A new development proposal would bring more than 240 new apartment units, split between three buildings, to a seven-block stretch of Girard Avenue in Uptown.
A six-story, 119-unit U-shaped building would rise at 2701 Girard Ave. S., on a site currently occupied by three single-family rental homes and a duplex. A block-and-a-half to the south, at 2832 Girard Ave. S., three other single-family homes would be knocked down to make way for a six-story, 76-unit building. A four-story building planned farther south, at 3220 Girard Ave. S., would also have 76 units and would also require three single-family homes and a duplex to be demolished.
All three buildings would include green roofs and enclosed parking accessible by alleys. The two six-story buildings would have a mix of apartments leaning heavily toward studios and one-bedrooms. The larger of the two six-story buildings would have 74 underground and first-floor parking stalls, while the other would use an automated car elevator to fit 43 spots into the building’s smaller footprint. Plans for the four-story building call for 38 parking spaces.
City staff have said plans for the six-story building at 27th & Girard are “too big for the site,” which is currently zoned for residential buildings four stories or shorter. Under the Minneapolis 2040 plan for growth currently under review by the Metropolitan Council, the site would allow buildings of only 1–3 stories. The other proposed six-story building at 28th & Girard is more in line with zoning guidelines; the 2040 plan would allow buildings up to 10 stories on the site. The four-story building at 32nd & Girard is currently zoned to allow four-story buildings, though the 2040 plan calls for buildings of three stories or shorter on the site.
Yellow Tree co-founder Robb Lubenow said his company aims to provide entry-point market-rate housing for people with salaries between $30,000 and $60,000. Rents would start at around $1,095 for studios and around $1,275 for 500-square-foot one-bedrooms in the six-story buildings. Lubenow said they are aiming to keep half of those buildings’ units affordable to people who make less than 80% of Minneapolis’ medium income, which currently translates to a monthly rent of under $1,800. Less than a third of the buildings’ units would have two or more bedrooms. (Predicted rents are not yet available for the four-story building, but would likely be similar.)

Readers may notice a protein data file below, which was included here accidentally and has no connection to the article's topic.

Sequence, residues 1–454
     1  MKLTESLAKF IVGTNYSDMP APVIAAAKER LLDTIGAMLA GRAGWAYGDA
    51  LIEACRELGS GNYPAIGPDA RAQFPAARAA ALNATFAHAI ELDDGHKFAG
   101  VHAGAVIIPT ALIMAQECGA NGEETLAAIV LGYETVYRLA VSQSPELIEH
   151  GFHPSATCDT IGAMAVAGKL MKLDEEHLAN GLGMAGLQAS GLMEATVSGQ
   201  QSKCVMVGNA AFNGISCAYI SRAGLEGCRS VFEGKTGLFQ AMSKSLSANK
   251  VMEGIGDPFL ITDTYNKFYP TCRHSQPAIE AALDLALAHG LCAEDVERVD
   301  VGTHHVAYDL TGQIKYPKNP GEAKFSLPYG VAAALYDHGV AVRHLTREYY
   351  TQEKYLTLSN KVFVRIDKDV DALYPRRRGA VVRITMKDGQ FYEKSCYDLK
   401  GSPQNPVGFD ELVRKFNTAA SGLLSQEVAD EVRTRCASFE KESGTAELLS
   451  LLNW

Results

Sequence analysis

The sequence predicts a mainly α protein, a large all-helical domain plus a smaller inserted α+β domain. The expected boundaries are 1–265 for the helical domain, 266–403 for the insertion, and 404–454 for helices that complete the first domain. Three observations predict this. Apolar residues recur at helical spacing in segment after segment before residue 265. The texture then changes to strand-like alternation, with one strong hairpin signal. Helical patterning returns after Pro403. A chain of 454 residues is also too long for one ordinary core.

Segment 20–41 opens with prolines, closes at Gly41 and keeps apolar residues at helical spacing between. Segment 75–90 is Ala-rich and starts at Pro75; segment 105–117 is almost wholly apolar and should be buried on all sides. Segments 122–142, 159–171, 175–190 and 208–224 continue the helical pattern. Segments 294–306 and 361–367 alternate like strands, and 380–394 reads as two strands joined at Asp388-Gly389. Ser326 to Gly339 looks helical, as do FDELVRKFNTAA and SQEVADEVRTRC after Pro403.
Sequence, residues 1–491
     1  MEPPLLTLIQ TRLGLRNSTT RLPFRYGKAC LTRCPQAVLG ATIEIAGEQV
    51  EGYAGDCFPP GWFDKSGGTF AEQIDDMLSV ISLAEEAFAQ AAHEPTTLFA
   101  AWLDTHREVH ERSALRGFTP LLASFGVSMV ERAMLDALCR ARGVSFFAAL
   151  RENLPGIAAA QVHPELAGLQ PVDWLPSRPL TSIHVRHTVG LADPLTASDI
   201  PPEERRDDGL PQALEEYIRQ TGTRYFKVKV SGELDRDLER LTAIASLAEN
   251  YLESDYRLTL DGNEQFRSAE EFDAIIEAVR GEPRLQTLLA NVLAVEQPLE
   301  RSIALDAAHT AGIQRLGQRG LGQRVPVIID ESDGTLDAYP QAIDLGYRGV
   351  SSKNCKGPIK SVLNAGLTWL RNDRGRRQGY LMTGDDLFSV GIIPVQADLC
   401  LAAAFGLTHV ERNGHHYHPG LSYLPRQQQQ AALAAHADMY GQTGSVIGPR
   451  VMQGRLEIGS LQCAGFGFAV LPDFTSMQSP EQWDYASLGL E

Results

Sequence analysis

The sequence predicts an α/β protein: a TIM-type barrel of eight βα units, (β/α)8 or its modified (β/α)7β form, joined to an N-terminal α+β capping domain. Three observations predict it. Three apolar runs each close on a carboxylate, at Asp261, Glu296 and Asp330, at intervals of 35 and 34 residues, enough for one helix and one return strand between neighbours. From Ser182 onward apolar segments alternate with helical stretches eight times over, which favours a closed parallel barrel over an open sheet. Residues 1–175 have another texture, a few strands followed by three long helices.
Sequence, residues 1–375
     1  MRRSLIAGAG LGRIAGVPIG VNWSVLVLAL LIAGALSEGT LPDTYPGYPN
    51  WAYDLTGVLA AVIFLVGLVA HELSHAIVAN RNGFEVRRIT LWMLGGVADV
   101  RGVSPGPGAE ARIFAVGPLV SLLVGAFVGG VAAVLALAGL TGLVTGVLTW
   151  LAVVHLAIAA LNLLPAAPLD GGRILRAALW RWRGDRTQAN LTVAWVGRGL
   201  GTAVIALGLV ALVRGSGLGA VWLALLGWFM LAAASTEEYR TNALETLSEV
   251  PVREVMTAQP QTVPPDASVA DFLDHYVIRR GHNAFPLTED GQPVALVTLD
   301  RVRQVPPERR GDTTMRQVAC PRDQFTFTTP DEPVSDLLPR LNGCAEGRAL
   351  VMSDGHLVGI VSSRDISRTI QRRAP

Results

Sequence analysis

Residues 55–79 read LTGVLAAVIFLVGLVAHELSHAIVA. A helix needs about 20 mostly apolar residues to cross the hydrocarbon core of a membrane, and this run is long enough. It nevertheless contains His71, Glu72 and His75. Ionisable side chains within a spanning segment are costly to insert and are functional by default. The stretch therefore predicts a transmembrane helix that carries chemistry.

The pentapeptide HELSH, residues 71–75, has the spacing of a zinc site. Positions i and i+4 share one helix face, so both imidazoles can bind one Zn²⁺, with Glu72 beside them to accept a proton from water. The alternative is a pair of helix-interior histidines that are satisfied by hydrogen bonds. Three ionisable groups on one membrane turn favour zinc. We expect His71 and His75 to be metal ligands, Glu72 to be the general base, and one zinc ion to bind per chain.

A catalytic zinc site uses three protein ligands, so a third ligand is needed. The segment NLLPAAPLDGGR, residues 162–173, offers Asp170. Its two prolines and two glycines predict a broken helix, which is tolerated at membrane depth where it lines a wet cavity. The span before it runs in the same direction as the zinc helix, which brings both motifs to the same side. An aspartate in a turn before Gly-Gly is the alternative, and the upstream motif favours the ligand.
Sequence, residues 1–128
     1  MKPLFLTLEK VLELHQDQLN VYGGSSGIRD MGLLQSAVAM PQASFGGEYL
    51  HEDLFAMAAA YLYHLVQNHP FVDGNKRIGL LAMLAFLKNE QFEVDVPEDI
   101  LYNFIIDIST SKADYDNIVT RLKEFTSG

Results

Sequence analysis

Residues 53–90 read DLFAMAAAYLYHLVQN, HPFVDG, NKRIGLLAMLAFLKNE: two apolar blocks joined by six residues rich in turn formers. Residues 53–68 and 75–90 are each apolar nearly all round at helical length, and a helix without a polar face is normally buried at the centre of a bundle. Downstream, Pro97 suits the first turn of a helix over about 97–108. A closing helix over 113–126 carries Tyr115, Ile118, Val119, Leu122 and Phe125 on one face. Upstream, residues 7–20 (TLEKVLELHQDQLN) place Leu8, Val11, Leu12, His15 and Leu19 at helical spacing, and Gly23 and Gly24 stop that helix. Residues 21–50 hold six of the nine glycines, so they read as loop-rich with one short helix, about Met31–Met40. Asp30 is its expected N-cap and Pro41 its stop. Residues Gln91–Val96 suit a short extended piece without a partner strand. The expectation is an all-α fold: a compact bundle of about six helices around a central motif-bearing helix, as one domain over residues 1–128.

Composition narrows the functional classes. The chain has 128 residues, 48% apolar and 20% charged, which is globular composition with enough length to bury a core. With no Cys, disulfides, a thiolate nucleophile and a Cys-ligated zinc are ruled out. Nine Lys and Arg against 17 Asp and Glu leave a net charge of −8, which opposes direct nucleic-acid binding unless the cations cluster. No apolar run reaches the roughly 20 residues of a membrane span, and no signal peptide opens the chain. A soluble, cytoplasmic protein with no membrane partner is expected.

“We’re not trying to do high-end luxury,” Lubenow said.
The project is a partnership between Yellow Tree and HGTV hosts Drew Levin and Danny Perkins, who have acquired the rights to the land.
Lubenow said Yellow Tree seeks to keep rents low by leaving amenities like swimming pools out of their buildings and by thinking strategically about how many parking spaces they include. His business partner Bryan Walters noted that over the last 2–3 years, Yellow Tree’s tenants have become less likely to demand parking and he expects that trend to continue.
“The only thing worse than not enough parking is too much parking,” Lubenow said. “It’s expensive, you have to reflect that in rent rates, home affordability, and it just trickles down.”
The six-story, 76-unit building would overlook the Midtown Greenway and the parking lot behind the Piggy Bank restaurant. A brief walk from the Uptown Transit Center, the building is proposed for a site zoned R6, the city’s highest-density residential district, which allows heights of up to six stories. The developers are seeking setbacks and variances related to the automated parking system and the number of exterior materials. Plans call for a green wall on the building’s south side.
All three buildings would be located just a block away from the Hennepin Avenue transit corridor. The sites of the proposed buildings at 27th and 32nd streets are currently zoned R5, a high-density multifamily district that caps development at four stories.
For the 119-unit building along 27th Street, the developers are asking for a conditional use permit to build the apartment two stories higher, seven variances and site plan review. City staff said they want to discuss with the developers the project’s size and the “number of applications required to achieve the project.” Lubenow said they could decrease the apartment’s height to five stories, but it would require eliminating underground parking to keep costs down.
For the four-story apartment between 32nd and 33rd streets, the developers are seeking a site plan review and a variance for setbacks along Girard Avenue and rear alley.
At a June 12 meeting of the Lowry East Neighborhood Association’s zoning committee, neighbors criticized the 27th and 28th street buildings for their shadows, their “horrific aesthetics,” and their potential impact on traffic.
Neighbor Steve Lauterbach said he liked elements of 76-unit building on 28th Street, but that DJR Architecture had designed the larger apartment building at 27th Street to be “massive and boxy.”
“What motivated you folks to try to shoehorn a building of these dimensions onto a parcel and in a neighborhood where it’s drastically out of scale?” he asked.
If the projects are approved, the developers hope to start construction in 2020 and wrap up work by 2021.